Food, Health, and Happiness by Oprah Winfrey (Melcher Media, 2017)
In the Introduction to Food, Health, and Happiness Oprah Winfrey includes a photo of herself in size ten jeans, toting a red wagon loaded with fat. The caption with the photo reads, “Me, my Calvins, and that infamous wagon of fat turned out to be iconic television. But if I had it to do again, I wouldn't.” (p.2) Many of us remember that triumphant moment, when Oprah revealed her slim new figure after months of a starvation diet. And then, like so many of us, within months the weight had piled back on and Oprah felt humiliated and defeated.
Then, in the summer of 2015 Weight Watchers called Oprah to talk to her about joining their team. “Seventeen pounds beyond my already steadily overweight weight,” Oprah confesses, “And yes, you read that right---Weight Watchers actually called me.” (p.3) Now, Oprah has become a believer in the world's most successful and oldest weight loss program. Food, Health, and Happiness reflects Oprah's journey to healthy and satisfying eating along with 115 on point (Weight Watcher's points) recipes. For any one who is concerned about his or her health, but still enjoys a great culinary experience, this volume is a must have.
Chapter 1 is entitled “Soup is Love,” and includes seventeen scrumptious recipes for a variety of interesting and not terribly complicated soups. Each recipe includes prep and cook time, number of servings per recipe, Weight Watchers points, and a calorie count. The choices of soups range from a simple mushroom soup to an intriguing Mulligatawny. Of the Mulligatawny Oprah notes, “I used to tape two, sometimes three, shows a day. I'd grab a little snack between tapings to keep my energy from flagging, then I'd come upstairs for some lunch at about 3:00. Mulligatawny was always one of my comfort soups the diced apples and curry give it a slightly exotic flavor that you can't quite put your finger on---you just know it's wonderful.” (p. 21)
Chapter 6, Greens, Glorious Greens, is devoted to creating salads that are tantalizing and sumptuous. “I had no idea that a gorgeously composed salad---with textures running the gamut from crunchy crispy to impossibly delicate, a rainbow's worth of color and flavors that register exotic, bitter, sweet, citrusy, nutty, tart, and spicy, sometimes all in the same bite.” (p.184) The recipes that ensue in the chapter reflect Oprah's discovery. For example, “Heirloom Tomato and Summer Corn Salad with Tarragon Vinaigrette,” “Brussels Sprout Salad with Shaved Parmesan and Meyer Lemon and Truffle Vinaigrette,” and “Roasted Eggplant with Kale, Fresh Mozzerella, and Pine Nuts,” are a few of the samplings that entice us to try these interesting combination of ingredients.
Chapter 4, “A World of Possibility,” is my favorite chapter in the book. In 2012 Oprah took a trip to India, a land of intrigue and splendor or as Oprah puts it “the kind of luxury generally reserved for fairy tales, complete with painted elephants and bejeweled camels.” (p.114) Chapter 4 showcases some of the outstanding dishes of Indian cuisine, including Indian Pumpkin Curry, Morel Pilau, Dry Prawn Curry, and Chicken Tikka Masala with Brown Basmati Rice. There is even a recipe for Naan, about which Oprah states, “There's something very moving, even romantic, about tasting a dish knowing that people have been eating that same dish for centuries. No matter where you're from, bread is the thing that connects us all. If anything's going to make you fall truly, madly, deeply, head over heels in love with Indian food, this is it.” Here's the best part of the Naan recipe included in Food, Health, and Happiness: the Naan is only two points a serving.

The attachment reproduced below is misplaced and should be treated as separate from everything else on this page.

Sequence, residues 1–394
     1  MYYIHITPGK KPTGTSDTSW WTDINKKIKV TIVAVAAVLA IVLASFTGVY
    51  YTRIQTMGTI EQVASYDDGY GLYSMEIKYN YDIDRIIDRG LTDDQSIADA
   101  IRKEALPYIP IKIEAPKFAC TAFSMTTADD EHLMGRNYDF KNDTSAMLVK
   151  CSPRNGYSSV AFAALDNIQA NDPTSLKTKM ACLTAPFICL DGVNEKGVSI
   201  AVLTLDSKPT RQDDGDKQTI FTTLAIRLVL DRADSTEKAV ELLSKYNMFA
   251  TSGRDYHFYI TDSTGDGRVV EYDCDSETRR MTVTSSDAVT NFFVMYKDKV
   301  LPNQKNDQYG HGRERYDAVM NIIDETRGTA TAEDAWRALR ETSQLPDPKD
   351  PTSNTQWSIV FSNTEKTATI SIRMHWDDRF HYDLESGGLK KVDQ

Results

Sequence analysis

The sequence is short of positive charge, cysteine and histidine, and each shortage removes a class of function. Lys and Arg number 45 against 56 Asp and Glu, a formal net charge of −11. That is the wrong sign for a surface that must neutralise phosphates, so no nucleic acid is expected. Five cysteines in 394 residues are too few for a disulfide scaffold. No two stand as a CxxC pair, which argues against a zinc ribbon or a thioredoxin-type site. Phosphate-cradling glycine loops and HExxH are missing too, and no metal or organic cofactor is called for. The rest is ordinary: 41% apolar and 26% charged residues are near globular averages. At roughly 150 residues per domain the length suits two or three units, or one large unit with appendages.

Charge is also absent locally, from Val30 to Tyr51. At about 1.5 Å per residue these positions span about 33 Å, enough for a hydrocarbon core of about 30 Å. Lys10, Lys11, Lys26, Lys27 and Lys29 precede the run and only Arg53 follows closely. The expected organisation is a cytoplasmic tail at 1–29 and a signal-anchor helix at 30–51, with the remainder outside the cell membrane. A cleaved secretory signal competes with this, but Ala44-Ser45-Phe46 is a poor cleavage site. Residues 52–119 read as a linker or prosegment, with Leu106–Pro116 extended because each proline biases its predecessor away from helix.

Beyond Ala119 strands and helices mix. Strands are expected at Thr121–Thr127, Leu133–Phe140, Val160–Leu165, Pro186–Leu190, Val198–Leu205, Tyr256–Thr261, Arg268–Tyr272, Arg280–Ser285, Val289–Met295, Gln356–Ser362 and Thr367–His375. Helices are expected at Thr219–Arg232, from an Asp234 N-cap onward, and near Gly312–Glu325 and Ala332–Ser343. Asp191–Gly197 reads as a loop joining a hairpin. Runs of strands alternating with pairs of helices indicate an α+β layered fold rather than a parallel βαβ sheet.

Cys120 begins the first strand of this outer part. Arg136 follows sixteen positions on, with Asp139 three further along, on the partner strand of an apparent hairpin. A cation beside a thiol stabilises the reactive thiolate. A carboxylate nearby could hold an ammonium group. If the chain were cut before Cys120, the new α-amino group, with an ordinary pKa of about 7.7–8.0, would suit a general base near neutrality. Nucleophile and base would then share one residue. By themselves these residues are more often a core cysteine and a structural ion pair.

For those who simply must have a sweet, there is a brief section called “Sweeten the Deal,” included in the volume. Recipes include Fresh Cherry Crostate, Spiced Applesauce Minicakes, Lavender Shortbread, and five delectable flavors of sorbet. Again, the “cold comfort” page, which includes the sorbet recipes are enticingly exotic. They include “Coconut Lime, Ginger Peach, Lychee, Strawberry, and Banana sorbets, all of which will satisfy that sweet tooth for only one point per serving. That is a true treat.
Aside from hearing from Oprah about her struggles and triumphs with food throughout her life, the volume offers stunning pictures of each dish that make the reader want to rush off to the grocery store to stock up on ingredients to begin healthy eating ala Weight Watchers and Oprah's partnership. I have given this book already to several people whom I love. It makes a great gift and certainly offers a variety of interesting recipes that allow one to feel sated and healthy simultaneously.
Beth Moroney, former English teacher and administrator in the Edison Public School District, specialized in teaching Creative Writing and Journalism. Recently Moroney published Significant Anniversaries of Holocaust/Genocide Education and Human/Civil Rights, available through the New Jersey Commission on the Holocaust. A passionate reader, Moroney is known for recommending literature to students, teachers, parents, and the general public for over forty years. Moroney can be contacted at firstname.lastname@example.org.
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